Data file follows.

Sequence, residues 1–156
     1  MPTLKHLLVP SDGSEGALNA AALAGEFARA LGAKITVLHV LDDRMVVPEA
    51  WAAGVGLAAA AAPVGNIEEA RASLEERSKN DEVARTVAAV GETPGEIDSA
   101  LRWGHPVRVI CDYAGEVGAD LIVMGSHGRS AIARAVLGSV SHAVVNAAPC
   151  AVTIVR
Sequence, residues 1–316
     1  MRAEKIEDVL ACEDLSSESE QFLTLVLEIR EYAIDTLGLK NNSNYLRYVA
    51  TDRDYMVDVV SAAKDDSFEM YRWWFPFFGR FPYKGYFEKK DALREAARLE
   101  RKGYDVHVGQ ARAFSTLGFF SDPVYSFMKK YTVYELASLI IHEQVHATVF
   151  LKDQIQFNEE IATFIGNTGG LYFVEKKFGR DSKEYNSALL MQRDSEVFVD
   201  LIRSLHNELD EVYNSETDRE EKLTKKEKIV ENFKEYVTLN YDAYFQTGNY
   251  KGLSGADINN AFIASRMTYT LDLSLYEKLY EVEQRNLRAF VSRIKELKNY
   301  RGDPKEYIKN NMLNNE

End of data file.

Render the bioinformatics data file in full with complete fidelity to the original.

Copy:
Sequence, residues 1–156
     1  MPTLKHLLVP SDGSEGALNA AALAGEFARA LGAKITVLHV LDDRMVVPEA
    51  WAAGVGLAAA AAPVGNIEEA RASLEERSKN DEVARTVAAV GETPGEIDSA
   101  LRWGHPVRVI CDYAGEVGAD LIVMGSHGRS AIARAVLGSV SHAVVNAAPC
   151  AVTIVR
Sequence, residues 1–316
     1  MRAEKIEDVL ACEDLSSESE QFLTLVLEIR EYAIDTLGLK NNSNYLRYVA
    51  TDRDYMVDVV SAAKDDSFEM YRWWFPFFGR FPYKGYFEKK DALREAARLE
   101  RKGYDVHVGQ ARAFSTLGFF SDPVYSFMKK YTVYELASLI IHEQVHATVF
   151  LKDQIQFNEE IATFIGNTGG LYFVEKKFGR DSKEYNSALL MQRDSEVFVD
   201  LIRSLHNELD EVYNSETDRE EKLTKKEKIV ENFKEYVTLN YDAYFQTGNY
   251  KGLSGADINN AFIASRMTYT LDLSLYEKLY EVEQRNLRAF VSRIKELKNY
   301  RGDPKEYIKN NMLNNE